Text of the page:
The right to hire part-time Metrobus drivers is a key goal of many Washington area politicians and an important part of the negotiations between the Metro Transit Authority and the Amalgamated Transit Union Local 689.

The contract between Metro and about 4,800 bus drivers, subway operators, mechanics, station attendants and clerial employes expires April 30.

Both sides are pledged to submit unresolved issues to binding arbitration. That means there is little likelihood of a bus and subway strike here if a new contract is not ratified immediately. In previous years, however, there have been occasional, brief work stoppages despite the binding arbitration clause.

Representatives of both Metro and the union declined to discuss the progress of negotiations or the specifics of given issues.

Walter Bierwagen, an international vice president the transit union and a key negotiator, said, "We want to maintain and improve our standard of living . . . We have made concessions in the past that have saved (Metro) thousands of dollars annually, and we have achieved less than equity in our wages."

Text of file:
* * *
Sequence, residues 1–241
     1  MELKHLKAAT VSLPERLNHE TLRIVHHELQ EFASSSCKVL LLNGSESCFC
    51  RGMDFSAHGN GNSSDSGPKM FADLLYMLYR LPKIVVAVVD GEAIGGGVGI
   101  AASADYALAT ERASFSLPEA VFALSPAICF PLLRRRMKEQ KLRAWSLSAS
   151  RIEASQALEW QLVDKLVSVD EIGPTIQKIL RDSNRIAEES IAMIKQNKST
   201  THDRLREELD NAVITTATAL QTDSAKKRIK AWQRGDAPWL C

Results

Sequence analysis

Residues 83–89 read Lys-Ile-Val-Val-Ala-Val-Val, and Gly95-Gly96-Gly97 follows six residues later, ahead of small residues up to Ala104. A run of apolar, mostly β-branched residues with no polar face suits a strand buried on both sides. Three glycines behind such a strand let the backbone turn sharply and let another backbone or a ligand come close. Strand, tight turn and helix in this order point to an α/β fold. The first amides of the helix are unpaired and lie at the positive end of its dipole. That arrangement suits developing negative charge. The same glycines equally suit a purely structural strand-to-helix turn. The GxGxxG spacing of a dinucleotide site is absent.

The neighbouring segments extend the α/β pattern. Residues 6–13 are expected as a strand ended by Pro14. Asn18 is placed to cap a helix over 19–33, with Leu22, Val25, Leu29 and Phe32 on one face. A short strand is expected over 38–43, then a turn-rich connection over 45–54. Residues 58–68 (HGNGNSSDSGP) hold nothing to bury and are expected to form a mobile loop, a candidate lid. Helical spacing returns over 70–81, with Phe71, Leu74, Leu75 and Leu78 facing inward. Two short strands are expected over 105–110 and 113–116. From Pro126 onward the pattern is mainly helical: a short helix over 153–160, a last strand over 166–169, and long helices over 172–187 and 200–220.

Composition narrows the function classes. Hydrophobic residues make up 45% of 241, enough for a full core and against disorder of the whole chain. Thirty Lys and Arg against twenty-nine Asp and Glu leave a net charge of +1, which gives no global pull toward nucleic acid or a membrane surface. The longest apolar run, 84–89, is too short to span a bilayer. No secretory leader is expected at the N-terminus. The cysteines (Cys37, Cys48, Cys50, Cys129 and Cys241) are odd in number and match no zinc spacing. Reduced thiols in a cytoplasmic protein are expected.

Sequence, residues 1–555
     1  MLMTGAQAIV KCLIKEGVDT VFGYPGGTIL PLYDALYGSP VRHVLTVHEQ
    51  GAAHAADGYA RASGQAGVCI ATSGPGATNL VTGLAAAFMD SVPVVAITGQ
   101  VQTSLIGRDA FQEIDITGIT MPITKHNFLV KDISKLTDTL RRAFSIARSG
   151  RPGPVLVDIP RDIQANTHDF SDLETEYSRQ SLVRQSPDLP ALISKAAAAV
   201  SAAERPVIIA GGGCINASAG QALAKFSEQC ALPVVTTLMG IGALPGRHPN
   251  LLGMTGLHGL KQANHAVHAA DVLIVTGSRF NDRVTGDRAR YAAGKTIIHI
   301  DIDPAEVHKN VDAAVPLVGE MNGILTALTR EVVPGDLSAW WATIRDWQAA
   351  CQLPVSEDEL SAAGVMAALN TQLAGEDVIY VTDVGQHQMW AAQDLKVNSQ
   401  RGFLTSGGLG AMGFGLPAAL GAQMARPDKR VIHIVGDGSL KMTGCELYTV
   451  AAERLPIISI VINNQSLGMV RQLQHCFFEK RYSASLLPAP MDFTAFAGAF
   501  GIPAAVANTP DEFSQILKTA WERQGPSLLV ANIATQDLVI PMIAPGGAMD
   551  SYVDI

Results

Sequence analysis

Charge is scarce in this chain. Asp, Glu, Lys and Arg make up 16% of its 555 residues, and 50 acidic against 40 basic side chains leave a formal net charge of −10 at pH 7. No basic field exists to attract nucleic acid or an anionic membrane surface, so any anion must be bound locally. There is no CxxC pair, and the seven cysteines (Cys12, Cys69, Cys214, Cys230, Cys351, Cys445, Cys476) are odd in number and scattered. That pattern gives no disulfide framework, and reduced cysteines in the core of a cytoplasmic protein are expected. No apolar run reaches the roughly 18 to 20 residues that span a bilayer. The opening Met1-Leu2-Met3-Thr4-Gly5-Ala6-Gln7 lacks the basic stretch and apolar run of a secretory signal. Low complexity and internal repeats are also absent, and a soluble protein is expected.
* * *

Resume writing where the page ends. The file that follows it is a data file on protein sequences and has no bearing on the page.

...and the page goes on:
Bus drivers are guaranteed a minimum of eight-hour days and 40-hour weeks. Those at the top of the salary schedule receive $8.16 per hour. The rates for other categories of employes are figured as a percentage of the top bus driver rate.

With overtime and extra pay for night work, the average fully experienced bus driver can earn about $20,000 annually, both Metro and union representatives estimate.

"Part-timers," Bierwagon said, "are not an asset to the industry . . . I haven't seen anything yet (in these negotiations) that would be persuasive on the issue. But we'll listen."

Joseph S. Wholey, Metro Board chairman, called the part-time issue "important." "Many drivers do 6 1/2 hours of productive work and are paid for 8 hours or 9 hours. Obviously this is something we should work on. We hear about it from the public, from state legislators, etc. I don't know how big a priority part-time drivers would be in given year, but to me it's an important thing."

Another central issue, it was learned, is the cost-of-living escalator in the present contract. It calls for the drivers salaries to be adjusted quarterly and to increase point-for-point with the Consumer Price Index. During the two-year life of the present contract, the hourly bus driver wage has increased from a top of $7.40 to $8.16 solely because of the cost of living escalator.

However, under an arbitrator's award, the drivers lost the escalator in the first quarter of the existing contract, and some of them are still angry about that.

Metro would like some moderation in the cost-of-living increases it must pay; the drivers obviously regard any cut in the cost-of-living escalator as retrogressive.

Other issues include health and welfare benefits, sick leave and vacations. Some changes in work rules are also being discussed, as are some job definitions for subway operators and mechanincs as opposed to bus drivers and mechanics.